You can easily design small Japanese garden. For me, this is a great question. And one, I wish to explore much more. I intend building a Japanese garden in the south of France when I retire.
The physical elements of a Japanese garden include at least some of the following: raked gravel, sand (usually one of the other), carefully selected and placed rocks, walls often with traditional tiles on the top, small trees (pruned) and bushes (pine and Azealia being very common), a pond or lake, often with carp within. There may be bamboo trees behind the garden. The balance of space to rocks/moss is essential, as in the famous stone garden of Ryoanji in Kyoto.
What Else Do You Need Other Than Physical Elements?
More than the physical elements is the philosophy/attitude derived from Zen Buddhism and also the abstract representation of the physical world. At Ryoanji, some say that the rock groupings amid lots of racked gravel (space) are a representation of mountain tops peeking through the cloud. Others see a tiger and her cubs crossing a river.
At any rate, zen gardens are designed to invoke calm and mediation. Therefore, a knowledge of the fundamental concepts of Zen would help understand the underpinnings of what makes a successful Japanese garden.
More On Japanese Gardens
Several books list the essential elements for creating a Japanese garden.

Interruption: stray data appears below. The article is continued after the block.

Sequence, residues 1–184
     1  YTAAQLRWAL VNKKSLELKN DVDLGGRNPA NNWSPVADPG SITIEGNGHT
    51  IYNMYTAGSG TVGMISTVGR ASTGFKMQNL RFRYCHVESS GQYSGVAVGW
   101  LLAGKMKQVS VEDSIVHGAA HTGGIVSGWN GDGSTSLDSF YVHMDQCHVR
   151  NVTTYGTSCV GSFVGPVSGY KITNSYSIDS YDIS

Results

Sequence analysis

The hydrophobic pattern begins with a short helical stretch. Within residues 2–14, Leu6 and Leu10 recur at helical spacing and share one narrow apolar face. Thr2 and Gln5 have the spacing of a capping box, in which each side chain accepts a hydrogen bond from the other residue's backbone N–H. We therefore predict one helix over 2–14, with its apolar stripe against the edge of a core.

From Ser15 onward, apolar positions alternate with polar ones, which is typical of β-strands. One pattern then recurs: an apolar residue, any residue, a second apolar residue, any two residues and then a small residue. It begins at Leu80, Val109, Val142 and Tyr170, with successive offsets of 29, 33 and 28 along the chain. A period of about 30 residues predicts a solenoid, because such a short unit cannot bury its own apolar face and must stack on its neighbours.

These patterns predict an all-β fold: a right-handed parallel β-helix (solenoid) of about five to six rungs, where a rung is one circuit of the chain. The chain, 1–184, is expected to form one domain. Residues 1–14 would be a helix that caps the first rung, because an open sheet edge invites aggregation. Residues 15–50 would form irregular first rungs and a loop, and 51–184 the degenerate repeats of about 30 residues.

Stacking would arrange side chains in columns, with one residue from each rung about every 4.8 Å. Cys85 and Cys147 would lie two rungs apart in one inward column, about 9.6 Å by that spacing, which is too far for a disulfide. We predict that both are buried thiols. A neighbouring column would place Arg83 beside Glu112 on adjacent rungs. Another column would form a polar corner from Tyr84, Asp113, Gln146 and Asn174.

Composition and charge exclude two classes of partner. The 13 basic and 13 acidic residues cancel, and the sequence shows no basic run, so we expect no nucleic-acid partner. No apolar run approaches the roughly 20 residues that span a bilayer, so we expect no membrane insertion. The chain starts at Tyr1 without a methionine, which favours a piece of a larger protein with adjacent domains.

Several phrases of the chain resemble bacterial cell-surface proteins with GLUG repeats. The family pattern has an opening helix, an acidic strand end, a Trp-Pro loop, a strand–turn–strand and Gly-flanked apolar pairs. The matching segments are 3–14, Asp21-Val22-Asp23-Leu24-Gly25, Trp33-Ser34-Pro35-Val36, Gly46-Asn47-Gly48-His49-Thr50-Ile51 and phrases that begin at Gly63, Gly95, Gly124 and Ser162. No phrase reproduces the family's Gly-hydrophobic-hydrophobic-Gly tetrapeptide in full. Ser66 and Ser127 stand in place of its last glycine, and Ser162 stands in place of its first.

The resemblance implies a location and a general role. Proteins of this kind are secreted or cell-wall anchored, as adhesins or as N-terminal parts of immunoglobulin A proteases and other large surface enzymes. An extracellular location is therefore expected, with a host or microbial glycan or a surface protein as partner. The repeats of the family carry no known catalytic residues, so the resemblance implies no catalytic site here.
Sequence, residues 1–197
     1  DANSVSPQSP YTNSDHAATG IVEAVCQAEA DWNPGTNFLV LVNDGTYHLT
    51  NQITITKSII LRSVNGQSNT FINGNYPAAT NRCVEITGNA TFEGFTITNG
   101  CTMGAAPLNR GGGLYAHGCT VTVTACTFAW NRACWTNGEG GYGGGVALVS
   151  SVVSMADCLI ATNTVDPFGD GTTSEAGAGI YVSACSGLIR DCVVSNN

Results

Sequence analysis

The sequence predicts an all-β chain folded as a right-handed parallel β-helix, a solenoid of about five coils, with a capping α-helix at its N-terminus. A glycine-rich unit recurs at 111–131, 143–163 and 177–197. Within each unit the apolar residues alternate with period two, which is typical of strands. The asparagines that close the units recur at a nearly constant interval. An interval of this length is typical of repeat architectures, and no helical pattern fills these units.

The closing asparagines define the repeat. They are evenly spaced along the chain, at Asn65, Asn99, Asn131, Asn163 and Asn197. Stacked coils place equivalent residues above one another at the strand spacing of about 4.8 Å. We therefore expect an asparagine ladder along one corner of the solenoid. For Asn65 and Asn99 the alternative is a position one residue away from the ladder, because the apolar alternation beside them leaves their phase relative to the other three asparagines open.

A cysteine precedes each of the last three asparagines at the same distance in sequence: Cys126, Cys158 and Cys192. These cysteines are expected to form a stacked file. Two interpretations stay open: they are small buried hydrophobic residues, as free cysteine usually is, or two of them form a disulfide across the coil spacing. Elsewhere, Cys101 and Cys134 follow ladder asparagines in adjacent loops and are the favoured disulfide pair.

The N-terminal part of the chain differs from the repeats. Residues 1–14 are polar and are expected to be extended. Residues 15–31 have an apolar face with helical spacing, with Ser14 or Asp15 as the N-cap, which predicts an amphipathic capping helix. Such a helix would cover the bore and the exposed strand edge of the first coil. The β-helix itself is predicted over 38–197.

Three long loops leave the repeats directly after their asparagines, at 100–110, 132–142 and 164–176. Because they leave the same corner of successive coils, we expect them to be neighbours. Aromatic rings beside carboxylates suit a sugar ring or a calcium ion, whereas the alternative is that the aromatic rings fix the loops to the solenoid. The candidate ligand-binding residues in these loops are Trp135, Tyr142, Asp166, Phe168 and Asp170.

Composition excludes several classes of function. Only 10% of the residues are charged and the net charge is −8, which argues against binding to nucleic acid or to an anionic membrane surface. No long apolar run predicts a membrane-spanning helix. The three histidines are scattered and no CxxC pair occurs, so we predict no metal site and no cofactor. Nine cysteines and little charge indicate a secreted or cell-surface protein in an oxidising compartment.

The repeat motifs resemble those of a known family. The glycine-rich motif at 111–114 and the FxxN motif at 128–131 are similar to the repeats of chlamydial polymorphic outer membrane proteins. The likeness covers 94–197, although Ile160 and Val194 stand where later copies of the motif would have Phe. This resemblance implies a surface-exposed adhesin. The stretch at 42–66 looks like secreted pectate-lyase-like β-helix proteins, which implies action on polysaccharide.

There are several types of Japanese gardens, including ‘strolling,’ Tea, and Zen. The strolling garden is as the name suggests a garden (usually a park) that you stroll around a see a changing landscape where hidden areas are revealed or viewed from a particular standpoint. The Tea garden made for tea ceremonies is more like a secret woodland ‘man cave’ where you relax and contemplate. The Zen garden, with its sunken natural stones set in raked gravel, is for meditation.
They all share the use of natural materials, wood, stone, water, etc. All include building an enclosure apart from the hustle-and-bustle of the outer world. A sort of natural diorama is there just out of your window.
There are several hospices in the UK that have Japanese gardens in them as they are considered to be therapeutic. The divisions of the JGS control most.
How Do Americans Design Small Japanese Garden?
Most American’s approach to gardening is to buy something you like and plant it somewhere. This also holds for Americans wanting Japanese style gardens. Often a gardener will add a tiny pond with a couple of small koi or goldfish and dah dah! Instant Japanese garden! Sometimes they’ll add some decoration that looks vaguely Asian, but for the most part, that’s it. Sadly, even high-end landscape designers in America are guilty of this. I looked over the credentials of one design firm and was optimistic until I viewed their portfolio of reference gardens. It consisted of about eight tiny gardens with tiny ponds and lanterns or Buddha statues. Other than that, the pictures looked like ads for Home Depot. Mind you, these people get paid a lot of money to design gardens and have made some impressive ones — just not Japanese ones. I still haven’t found a designer within a few hundred miles that can do a realistic-looking Japanese garden.